BioFuel, backed by investors David Einhorn and Daniel Loeb, is selling the plants in Fairmont, Minnesota, and Wood River, Nebraska, Green Plains said in a statement today. The combined capacity of the two distilleries is 220 million gallons a year, or about 14,000 barrels a day.
Green Plains soared 85 cents, or 5.7 percent, to settle at $15.72 in New York, posting the biggest gain since July. The shares have almost doubled in 2013. BioFuel sank 58 cents, or 18 percent, to $2.66, the largest decline in almost two years. The shares are down 28 percent in 2013.
“It looks like an interesting acquisition given the valuation implied,” said Matthew Farwell, a New York-based analyst at Imperial Capital LLC who holds an outperform recommendation on Green Plains. “The ethanol margin environment has improved due to the full corn harvest and ethanol’s discount to gasoline increased the appeal to blenders.”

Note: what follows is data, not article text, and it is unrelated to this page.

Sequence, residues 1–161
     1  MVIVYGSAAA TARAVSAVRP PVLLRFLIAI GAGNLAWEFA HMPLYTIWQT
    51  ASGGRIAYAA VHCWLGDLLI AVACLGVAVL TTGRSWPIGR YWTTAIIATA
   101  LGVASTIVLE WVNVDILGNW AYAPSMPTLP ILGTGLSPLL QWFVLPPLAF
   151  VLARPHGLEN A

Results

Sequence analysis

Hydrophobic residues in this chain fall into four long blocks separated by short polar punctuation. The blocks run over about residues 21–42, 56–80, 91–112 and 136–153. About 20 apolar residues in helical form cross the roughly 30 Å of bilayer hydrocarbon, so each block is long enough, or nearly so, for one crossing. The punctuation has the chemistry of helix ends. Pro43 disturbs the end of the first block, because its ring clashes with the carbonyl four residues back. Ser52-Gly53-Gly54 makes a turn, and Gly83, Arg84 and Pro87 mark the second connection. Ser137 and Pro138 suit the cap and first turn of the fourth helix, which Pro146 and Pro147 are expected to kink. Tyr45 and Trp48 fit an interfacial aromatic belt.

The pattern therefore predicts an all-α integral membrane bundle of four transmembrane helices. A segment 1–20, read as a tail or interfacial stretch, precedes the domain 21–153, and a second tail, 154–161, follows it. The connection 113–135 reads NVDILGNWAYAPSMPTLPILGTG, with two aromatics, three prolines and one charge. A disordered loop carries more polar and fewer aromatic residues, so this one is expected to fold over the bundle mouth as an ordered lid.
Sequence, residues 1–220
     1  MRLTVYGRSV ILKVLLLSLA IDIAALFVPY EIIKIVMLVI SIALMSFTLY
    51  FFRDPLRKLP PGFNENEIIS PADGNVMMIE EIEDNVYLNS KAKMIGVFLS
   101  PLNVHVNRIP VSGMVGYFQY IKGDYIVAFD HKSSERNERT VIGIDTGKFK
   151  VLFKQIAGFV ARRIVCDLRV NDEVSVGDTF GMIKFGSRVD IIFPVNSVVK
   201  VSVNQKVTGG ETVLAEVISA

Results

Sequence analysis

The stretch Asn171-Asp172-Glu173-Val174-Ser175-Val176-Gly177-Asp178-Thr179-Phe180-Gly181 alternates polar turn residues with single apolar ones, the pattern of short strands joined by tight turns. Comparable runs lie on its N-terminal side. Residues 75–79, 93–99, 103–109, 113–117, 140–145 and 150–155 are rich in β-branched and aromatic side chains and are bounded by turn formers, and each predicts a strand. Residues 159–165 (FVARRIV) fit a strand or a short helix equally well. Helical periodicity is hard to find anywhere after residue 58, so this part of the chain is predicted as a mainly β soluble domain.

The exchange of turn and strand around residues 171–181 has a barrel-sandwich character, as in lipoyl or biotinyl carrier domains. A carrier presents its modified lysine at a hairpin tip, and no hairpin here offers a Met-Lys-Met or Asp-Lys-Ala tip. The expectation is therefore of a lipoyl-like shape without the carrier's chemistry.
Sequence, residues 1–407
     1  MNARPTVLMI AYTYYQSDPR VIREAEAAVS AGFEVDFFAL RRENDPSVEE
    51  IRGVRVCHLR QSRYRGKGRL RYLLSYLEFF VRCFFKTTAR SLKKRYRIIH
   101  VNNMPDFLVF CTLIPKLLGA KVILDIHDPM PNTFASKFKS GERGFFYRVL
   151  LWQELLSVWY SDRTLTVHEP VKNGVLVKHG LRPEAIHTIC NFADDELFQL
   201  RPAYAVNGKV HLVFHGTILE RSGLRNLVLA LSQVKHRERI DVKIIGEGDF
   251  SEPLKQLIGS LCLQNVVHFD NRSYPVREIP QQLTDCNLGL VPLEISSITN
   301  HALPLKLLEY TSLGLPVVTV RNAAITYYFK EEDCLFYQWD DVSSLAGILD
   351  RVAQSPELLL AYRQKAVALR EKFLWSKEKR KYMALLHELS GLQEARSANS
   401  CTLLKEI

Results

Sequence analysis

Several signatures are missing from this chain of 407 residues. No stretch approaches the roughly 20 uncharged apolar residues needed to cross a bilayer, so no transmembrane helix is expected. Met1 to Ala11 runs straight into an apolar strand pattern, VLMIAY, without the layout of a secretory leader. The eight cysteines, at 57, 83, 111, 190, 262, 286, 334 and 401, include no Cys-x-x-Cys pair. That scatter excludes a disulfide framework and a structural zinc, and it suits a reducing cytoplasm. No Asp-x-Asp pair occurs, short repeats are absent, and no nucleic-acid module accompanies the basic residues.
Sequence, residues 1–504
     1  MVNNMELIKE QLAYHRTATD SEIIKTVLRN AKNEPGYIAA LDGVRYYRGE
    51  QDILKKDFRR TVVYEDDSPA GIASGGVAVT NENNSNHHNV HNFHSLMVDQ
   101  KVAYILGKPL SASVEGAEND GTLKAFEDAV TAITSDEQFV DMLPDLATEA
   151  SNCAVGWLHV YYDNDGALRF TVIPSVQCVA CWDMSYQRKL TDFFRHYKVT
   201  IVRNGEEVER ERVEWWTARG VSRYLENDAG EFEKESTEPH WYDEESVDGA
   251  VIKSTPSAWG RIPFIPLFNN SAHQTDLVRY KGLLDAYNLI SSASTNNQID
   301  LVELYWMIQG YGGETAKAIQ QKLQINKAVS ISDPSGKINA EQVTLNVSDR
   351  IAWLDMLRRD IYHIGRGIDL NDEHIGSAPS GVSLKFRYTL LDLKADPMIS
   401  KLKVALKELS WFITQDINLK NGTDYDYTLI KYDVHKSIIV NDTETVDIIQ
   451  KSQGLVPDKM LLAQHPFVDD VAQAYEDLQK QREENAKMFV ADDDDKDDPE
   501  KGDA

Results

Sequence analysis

BioFuel will transfer the plants to a group of lenders represented by First National Bank of Omaha as part of a defaulted loan of about $170.5 million of principal, according to the statement and information on its website. After the transfer is concluded, Green Plains will buy the plants from the group of lenders, according to the statement.
Hedge fund Greenlight Capital Inc., led by co-founder Einhorn, is Biofuel’s largest shareholder with a 26.2 percent stake, according to data compiled by Bloomberg. Third Point LLC, headed by Loeb, owns 19.2 percent.
To contact the reporter on this story: Lucia Kassai in Houston at firstname.lastname@example.org
To contact the editor responsible for this story: Dan Stets at email@example.com